Favreau: I think if their experience is good, which is has been so far, based on what everybody’s told me — maybe they’ll say something different to you guys. But I know that I’ve made it fun, I’ve made it something where hopefully the work is as good quality as they would on any movie. So it doesn’t feel like they’re working on a movie that’s one for them, one for The Man. You know, they do one for themselves and one for their career.

I asked Robert, I said, “What do you want to do in your career now?” He said, “I want to make movies that are good, and that people are going to see.” And it seems very simple, but it’s a pretty profound statement. Actors want to be in movies that are good, that they’re proud of, but there’s nothing more frustrating than making a great movie that’s a featured title on Netflix that, you know, “Oh, I really wanted to see that one.” You want to do a movie that is going to be part of your culture, it’s going to be part of–“Pirates of the Caribbean,” you reference that, it’s like “The Sopranos,” everybody knows what you’re talking about, and you’ve impacted lives, you’ve created a cultural ripple, and that’s something that you can’t get always with an indie. Sometimes it happens, like “Swingers,” but usually it doesn’t.

Scene from “Iron Man”

In terms of storytelling, what lessons did you take from the successes and mistakes of other comic book movies?

Favreau: Well, I think [Christopher] Nolan has just really reinvented the genre yet again. I mean, I really liked the first Batman movie; the Tim Burton one was very exciting. But the caliber of cast he was able to get, the level of storytelling and acting, and the sense of fun that was maintained was completely picked over by the time they did their last movie [in that series]. But that they were able to sort of hit reset and come with [“Batman Begins”] and make it fresh again excited me, because it just sort of for me said that the sky’s the limit for who you could get. A filmmaker with that background, it’s nice that you have all these guys coming out of independent films who are finding a way.

We don’t resent big movies, it’s not like the ’70s where it’s like, “The system’s keeping us down.” We’re people who grew up loving movies. And the reason we’re doing small movies is we don’t know any better, or have the resources. And so, as you see Peter Jackson, as you see Chris Nolan, as you see Bryan Singer, finding a way to bring integrity and a sense of fun to these big movies where you feel like you’re watching a good movie, and it’s not one that a director’s doing apologetically, they’re doing it because they love it and they’re excited by it.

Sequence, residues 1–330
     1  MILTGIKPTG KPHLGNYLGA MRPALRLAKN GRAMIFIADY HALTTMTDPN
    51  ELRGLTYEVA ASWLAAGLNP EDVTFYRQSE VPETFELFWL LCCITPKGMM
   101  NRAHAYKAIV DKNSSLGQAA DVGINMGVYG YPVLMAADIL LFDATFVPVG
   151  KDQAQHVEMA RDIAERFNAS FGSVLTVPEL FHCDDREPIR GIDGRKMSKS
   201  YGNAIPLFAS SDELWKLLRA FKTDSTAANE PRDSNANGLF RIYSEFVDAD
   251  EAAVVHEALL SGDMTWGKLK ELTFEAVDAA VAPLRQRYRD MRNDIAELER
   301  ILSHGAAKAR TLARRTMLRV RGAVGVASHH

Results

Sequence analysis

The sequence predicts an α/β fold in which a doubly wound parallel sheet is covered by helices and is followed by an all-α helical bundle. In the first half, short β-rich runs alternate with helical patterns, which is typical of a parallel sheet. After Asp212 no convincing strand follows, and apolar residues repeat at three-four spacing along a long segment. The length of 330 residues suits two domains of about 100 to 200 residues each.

Scene from “Iron Man”

And then I get to play with all the toys, build the suit, do the CG, build all these great sets, for me that’s what it’s all about. And I think it’s the sort of indie background where all you have is character, that’s your car chase. Your car chase is a funny scene, your big explosion is two people having a conversation that’s interesting. It sort of sharpens those tools so that by the time you have all these great story board artists and designers and CGI wizards coming in, you’re not relying on that, you’re not just hammocking between those set pieces, you’re able to actually bring the same– I mean, when I’m here with Gwyneth [Paltrow] and Robert [Downey, Jr.], I would be working with them the same way if I had written a spec script and was shooting it for a million bucks. You bring that same sensibility to it. And hopefully, I don’t want to lie to you like I know, I hope it all comes together in a way where it feels like of one movie, but yet it’s not insulting the smart people and it’s not inappropriate for me to bring my kids to as well.

Is it tricky, balancing your passion for the characters with the action elements a Marvel story requires?

“Iron Man” poster by Adi Granov

Favreau: It is, and we’ve been very, very lucky to have a group of people that are really good at developing and culling the action. I don’t want to sit here and pretend that I have huge action experience, I think I can tell a good story, I think cinematically I can make something compelling. What I’m bringing to the table is more the humanity of the story, enforcing rules on the story as well where it doesn’t feel like two completely different films. And there is the possibility that it goes from “Swingers” to “Power Rangers” and everybody’s like, “What am I watching?” So the trick is to sort of bring up the human story to a world where it feels like it’s a comic book, it fits into the genre, and then keeping the action aspect of it, I wouldn’t say restrained, but hold it up to a certain standard of reality. You have a broadness that you expect in a comic book movie, but it’s not just like, “Do whatever the hell you want because it’s a movie and everybody just wants to eat popcorn.” I think in my body of work, I’ve held it to a certain standard. And now in making something that has to be appealing to a much larger audience than I’ve really hit before, I want to make sure that we’re giving everybody what they want, and making it fun and exciting, but also making it something that I can be proud of.